Do you find Techical Analysis to be an effective way of increasing the returns on your investments? This can be either by itself, or in combination with other indicators. If so, what techniques do you use?

What studies exist which show evidence for whether or not different techniques work?

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    The Wikipedia page you link has a dozen academic papers covering various sides of the argument, so if you want to know "what studies exist" you can start there. If this is instead meant to be a poll of "do current Money SE participants use technical analysis?" then it's not a very good question, as it will just depend on who happens to answer.
    – poolie
    Commented Dec 22, 2010 at 7:28

2 Answers 2


If you want a book that's a bit more modern than A Random Walk Down Wall Street, try David Aaronson's book, Evidence-Based Technical Analysis: Applying the Scientific Method and Statistical Inference to Trading Signals. The author discusses a lot of the evidence for and against certain technical indicators; for example, he discusses how head-and-shoulders indicators are usually worse than random when making trading decisions. I don't have a copy of the book handy, so you'll have to read it and decide for yourself based on the evidence, but it's a more recent and rigorous empirical look at TA.

If you're interested in academic studies, a good starting point is Foundations of Technical Analysis: Computational Algorithms, Statistical Inference, and Empirical Implementation by Lo, Mamaysky, and Wang. Their study finds that several technical indicators, e.g. head-and-shoulder, double-bottom, and various rectangle techniques, do provide marginal value. They also find that although

human judgment is still superior to most computational algorithms in the area of visual pattern recognition, ... technical analysis can be improved by using automated algorithms

Since this paper was published in 2000, computing power and statistical analysis have gained significant ground against human abilities to recognize, and more importantly exploit, technical indicators. This statement isn't necessarily a criticism of TA, but rather a warning against its use by the average day trader in markets where computerized traders are highly active, since high-speed traders can identify and take advantage of signals faster than retail day traders, thus potentially decreasing or removing the potential to gain from the signals.

This applies to a lesser extent in markets where high-speed trading isn't as active or over longer time periods; for longer time periods, however, it's important to understand that some signals (like head-and-shoulders) were found to be detrimental to trading returns. Some anecdotal evidence suggests otherwise, but a) this is anecdotal evidence, and b) even if a signal has a completely random effect on trading returns, there will always be some traders who earn a positive return with it, either on its own or in conjunction with others; such is the nature of statistical distributions. It's why collecting data and backtesting strategies is more important than online testimonials and similar sources (including this post). There are always statistically fortunate people; see my story in this post about pamphlets that predict sports results.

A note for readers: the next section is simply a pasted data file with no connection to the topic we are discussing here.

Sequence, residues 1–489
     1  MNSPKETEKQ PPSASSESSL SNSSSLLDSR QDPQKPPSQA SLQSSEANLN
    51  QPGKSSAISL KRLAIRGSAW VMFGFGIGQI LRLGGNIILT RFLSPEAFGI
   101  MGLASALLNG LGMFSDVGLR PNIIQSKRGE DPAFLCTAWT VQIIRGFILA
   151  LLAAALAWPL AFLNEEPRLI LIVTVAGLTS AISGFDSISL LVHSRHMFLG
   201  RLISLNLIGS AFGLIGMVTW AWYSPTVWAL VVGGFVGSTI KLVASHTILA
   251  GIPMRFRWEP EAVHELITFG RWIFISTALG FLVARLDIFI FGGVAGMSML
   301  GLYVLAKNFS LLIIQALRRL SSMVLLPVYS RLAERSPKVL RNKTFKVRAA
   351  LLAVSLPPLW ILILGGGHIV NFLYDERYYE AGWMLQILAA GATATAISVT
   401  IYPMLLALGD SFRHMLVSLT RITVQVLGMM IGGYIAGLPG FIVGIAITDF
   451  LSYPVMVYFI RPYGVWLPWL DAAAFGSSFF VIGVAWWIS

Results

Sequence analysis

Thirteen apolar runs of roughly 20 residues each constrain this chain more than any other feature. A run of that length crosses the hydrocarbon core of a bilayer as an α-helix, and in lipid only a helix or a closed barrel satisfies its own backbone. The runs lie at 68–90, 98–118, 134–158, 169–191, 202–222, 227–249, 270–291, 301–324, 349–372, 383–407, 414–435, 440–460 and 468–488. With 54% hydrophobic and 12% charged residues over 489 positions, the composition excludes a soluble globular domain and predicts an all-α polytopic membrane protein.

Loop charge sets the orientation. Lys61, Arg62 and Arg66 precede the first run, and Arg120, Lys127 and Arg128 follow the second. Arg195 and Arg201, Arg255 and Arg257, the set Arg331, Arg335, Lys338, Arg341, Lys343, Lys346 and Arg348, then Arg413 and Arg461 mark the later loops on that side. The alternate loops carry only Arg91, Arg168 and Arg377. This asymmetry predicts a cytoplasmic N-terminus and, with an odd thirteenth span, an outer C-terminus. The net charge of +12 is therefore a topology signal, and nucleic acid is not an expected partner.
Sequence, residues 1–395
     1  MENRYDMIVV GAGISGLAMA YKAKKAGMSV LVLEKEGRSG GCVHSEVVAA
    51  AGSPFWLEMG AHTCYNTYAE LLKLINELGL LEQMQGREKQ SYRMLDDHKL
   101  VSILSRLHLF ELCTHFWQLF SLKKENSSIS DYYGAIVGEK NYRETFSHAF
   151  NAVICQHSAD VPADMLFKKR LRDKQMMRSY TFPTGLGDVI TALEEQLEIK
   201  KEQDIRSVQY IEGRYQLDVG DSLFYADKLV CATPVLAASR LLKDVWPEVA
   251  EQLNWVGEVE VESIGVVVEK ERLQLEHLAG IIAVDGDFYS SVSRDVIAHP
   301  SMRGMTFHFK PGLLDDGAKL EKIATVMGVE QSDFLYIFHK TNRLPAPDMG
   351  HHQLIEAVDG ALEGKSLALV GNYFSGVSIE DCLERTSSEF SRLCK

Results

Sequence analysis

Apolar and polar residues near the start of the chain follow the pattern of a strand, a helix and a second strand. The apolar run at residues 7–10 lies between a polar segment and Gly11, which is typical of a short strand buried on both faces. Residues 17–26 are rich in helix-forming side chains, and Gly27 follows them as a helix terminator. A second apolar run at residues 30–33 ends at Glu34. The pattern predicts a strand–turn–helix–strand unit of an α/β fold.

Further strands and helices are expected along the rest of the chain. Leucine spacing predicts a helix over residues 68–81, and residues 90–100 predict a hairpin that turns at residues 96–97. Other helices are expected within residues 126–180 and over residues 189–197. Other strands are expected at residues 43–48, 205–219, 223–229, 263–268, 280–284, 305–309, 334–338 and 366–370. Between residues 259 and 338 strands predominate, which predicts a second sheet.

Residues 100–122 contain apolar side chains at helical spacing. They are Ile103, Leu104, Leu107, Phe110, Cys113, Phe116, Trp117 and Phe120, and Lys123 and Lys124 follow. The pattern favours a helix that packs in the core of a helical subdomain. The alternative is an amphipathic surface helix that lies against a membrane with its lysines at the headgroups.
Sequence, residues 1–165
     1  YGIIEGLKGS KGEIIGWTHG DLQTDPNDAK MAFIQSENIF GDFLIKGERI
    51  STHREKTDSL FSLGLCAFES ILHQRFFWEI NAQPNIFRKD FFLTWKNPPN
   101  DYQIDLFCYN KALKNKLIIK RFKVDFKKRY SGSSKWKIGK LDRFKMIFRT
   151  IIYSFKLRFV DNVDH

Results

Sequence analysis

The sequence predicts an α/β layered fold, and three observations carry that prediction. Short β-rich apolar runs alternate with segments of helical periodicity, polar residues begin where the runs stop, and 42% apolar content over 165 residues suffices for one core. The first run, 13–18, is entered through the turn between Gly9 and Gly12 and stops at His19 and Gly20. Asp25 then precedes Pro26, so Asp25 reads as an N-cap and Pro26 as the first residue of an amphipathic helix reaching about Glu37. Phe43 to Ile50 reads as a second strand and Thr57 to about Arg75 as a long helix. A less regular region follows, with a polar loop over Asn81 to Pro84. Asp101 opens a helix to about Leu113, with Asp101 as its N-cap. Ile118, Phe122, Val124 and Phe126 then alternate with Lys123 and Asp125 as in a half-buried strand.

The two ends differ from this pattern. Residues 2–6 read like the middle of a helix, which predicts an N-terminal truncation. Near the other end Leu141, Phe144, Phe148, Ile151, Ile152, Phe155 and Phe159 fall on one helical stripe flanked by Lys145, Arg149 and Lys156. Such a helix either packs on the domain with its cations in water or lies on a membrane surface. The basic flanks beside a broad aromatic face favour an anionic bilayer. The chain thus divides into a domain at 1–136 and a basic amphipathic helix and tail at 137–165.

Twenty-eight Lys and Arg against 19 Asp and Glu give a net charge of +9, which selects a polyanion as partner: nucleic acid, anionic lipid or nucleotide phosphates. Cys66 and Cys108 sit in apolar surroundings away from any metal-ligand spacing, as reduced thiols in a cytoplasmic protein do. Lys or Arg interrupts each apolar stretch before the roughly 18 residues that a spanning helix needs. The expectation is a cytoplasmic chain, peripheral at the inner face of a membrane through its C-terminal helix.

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    "...a warning against its use in markets where computerized traders are highly active." John do you know that the more people or computers that trade a particular signal the more successful that signal will become. So computerized traders actually help TA signals and triggers eventuate into better trades.
    – user9822
    Commented May 30, 2013 at 6:08
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    @MarkDoony You're right, that wasn't exactly clear in my post. I meant that the increasing use of computerized trading can remove opportunities for the average day trader to take advantage of a signal. For example, if a signal indicates that traders should buy into a market and enough high-speed traders buy first (thus driving the price up), this reduces or eliminates the individual day trader's potential for gain. Commented May 30, 2013 at 11:05